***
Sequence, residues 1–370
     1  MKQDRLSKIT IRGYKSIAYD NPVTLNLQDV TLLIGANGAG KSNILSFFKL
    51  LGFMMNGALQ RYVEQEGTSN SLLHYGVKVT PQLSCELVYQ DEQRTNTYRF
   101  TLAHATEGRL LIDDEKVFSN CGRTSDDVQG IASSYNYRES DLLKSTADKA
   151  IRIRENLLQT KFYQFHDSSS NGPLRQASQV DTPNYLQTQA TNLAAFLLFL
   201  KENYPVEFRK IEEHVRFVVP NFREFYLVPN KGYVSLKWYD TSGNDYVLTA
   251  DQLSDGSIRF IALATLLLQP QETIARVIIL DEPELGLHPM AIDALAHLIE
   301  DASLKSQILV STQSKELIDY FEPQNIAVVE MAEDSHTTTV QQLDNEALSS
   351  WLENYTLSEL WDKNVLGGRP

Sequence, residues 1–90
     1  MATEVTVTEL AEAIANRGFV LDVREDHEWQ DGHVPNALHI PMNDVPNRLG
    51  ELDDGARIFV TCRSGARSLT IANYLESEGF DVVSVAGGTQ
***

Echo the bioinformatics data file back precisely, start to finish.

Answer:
Sequence, residues 1–370
     1  MKQDRLSKIT IRGYKSIAYD NPVTLNLQDV TLLIGANGAG KSNILSFFKL
    51  LGFMMNGALQ RYVEQEGTSN SLLHYGVKVT PQLSCELVYQ DEQRTNTYRF
   101  TLAHATEGRL LIDDEKVFSN CGRTSDDVQG IASSYNYRES DLLKSTADKA
   151  IRIRENLLQT KFYQFHDSSS NGPLRQASQV DTPNYLQTQA TNLAAFLLFL
   201  KENYPVEFRK IEEHVRFVVP NFREFYLVPN KGYVSLKWYD TSGNDYVLTA
   251  DQLSDGSIRF IALATLLLQP QETIARVIIL DEPELGLHPM AIDALAHLIE
   301  DASLKSQILV STQSKELIDY FEPQNIAVVE MAEDSHTTTV QQLDNEALSS
   351  WLENYTLSEL WDKNVLGGRP

Sequence, residues 1–90
     1  MATEVTVTEL AEAIANRGFV LDVREDHEWQ DGHVPNALHI PMNDVPNRLG
    51  ELDDGARIFV TCRSGARSLT IANYLESEGF DVVSVAGGTQ